In Buddhism, there is a Bodhisattva who embodies the spirit of compassion. This Bodhisattva, named Avalokitesvara, is so full of love that she cannot bear for people to suffer. When she sees or hears people in distress or difficulty, she goes to them very quickly to offer aid and relief. Exercising wisdom and compassion, she not only helps them out of their material difficulties, but guides them with the Dharma so they may gain the insight to liberate themselves from their suffering and attain true happiness.
Actually, all of us can be Avalokitesvara Bodhisattva. Deep in our hearts, we have the same great compassion. Why have we not been able to tap into this compassion? It is because it has been buried away beneath our afflictions and delusions. Once we clean away this layer of afflictions and delusions, we will discover our true heart, full of love, compassion, and understanding. Avalokitesvara Bodhisattva is not just a figure in Buddhism we hear about—in fact, we are Avalokitesvara Bodhisattva and Avalokitesvara Bodhisattva is us.
There is a lot of suffering in the world. Seeing the suffering of others, we can do as Avalokitesvara Bodhisattva does and go to people to help them out of their plight.
The story of Mr. Chang is a very good example. Mr. Chang is an elderly man who used to own a lumber company. At the prime of his life, he became addicted to gambling and incurred so much debt that he had to sell his business. His life went downhill from there. Faced with his misfortunes, he lost all sense of hope and motivation and gave up on himself. He became very self-isolated and eventually was so poor that he subsisted on food scraps from scavenging. He lived like this for many years.
One day, Tzu Chi volunteers came to learn of Mr. Chang's situation. They decided to visit him and after seeing what terrible conditions he lived in, they began to visit him regularly to offer aid and care. Mr. Chang, however, had developed a deep mistrust of people and was far from welcoming. Tzu Chi volunteers had to be very gentle and loving with him, patiently building rapport with him over a period of four years. Gradually, touched by their sincere care, he began to open his heart to the volunteers. Seeing as he was still able-bodied, they encouraged him to get out more and interact with people, and invited him to help out at the local Tzu Chi office. He began to do this. When he was there, he would help mop the floor and wash vegetables in the kitchen. He was very motivated and whenever he was finished with one task, he would quickly find another. Later, with the help of Tzu Chi volunteers, he found a job. After many years of interactions with Tzu Chi volunteers, he decided to enter training to become a certified Tzu Chi volunteer. Now, he is a certified member of Tzu Chi's Tzu Cheng Faith Corps and goes with other volunteers to help people in need. So transformed is his life now, that looking at him one would never guess the life he once led.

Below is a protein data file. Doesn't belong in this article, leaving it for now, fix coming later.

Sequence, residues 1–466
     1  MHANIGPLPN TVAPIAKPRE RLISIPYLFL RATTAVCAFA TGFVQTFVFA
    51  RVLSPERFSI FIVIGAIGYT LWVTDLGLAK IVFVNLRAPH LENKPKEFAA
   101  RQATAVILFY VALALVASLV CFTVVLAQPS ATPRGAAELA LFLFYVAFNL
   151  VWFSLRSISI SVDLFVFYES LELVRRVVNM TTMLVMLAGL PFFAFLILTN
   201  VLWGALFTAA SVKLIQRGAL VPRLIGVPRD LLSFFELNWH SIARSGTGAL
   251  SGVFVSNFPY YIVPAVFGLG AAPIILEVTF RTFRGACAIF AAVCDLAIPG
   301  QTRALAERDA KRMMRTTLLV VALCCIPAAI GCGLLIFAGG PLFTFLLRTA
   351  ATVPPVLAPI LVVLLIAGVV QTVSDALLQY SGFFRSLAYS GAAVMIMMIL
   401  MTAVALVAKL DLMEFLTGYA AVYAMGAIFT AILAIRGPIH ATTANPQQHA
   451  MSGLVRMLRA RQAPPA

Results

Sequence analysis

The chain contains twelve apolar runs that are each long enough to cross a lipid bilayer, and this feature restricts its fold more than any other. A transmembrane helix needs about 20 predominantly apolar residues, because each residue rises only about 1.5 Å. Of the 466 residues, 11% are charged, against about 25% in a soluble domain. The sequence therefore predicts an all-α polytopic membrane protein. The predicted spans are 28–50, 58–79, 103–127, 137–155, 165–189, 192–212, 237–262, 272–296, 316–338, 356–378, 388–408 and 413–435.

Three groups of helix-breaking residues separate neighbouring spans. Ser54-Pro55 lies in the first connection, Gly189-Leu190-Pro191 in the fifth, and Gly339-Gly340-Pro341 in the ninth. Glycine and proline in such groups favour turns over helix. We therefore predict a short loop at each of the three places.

His story illuminates the heart of Tzu Chi's spirit and practice. In Tzu Chi, we learn to feel for others' suffering. Through our efforts to understand our own suffering and afflictions, we gain the insight and understanding to help others. With this, we can better relate to others and help them out of their difficulties.
As Mr. Chang's case shows us, these difficulties are often not only physical and material. It therefore takes more than one-time aid. That is why we visit our care recipients regularly, giving them encouragement, support and love in their time of difficulty. We seek to be their spiritual friend, and by sharing our experiences and insights into life with them they can gradually open their hearts and break free from their afflictions. Then they can begin to see life differently and consider doing something that is more meaningful or beneficial to others. If we can continue to offer care and support, being their friend and guide, people can be transformed, just like Mr. Chang.
Doing this, we bring to life the spirit of Avalokitesvara Bodhisattva.
From Dharma Master Cheng Yen's Talks
Compiled into English by the Jing Si Abode English Editorial Team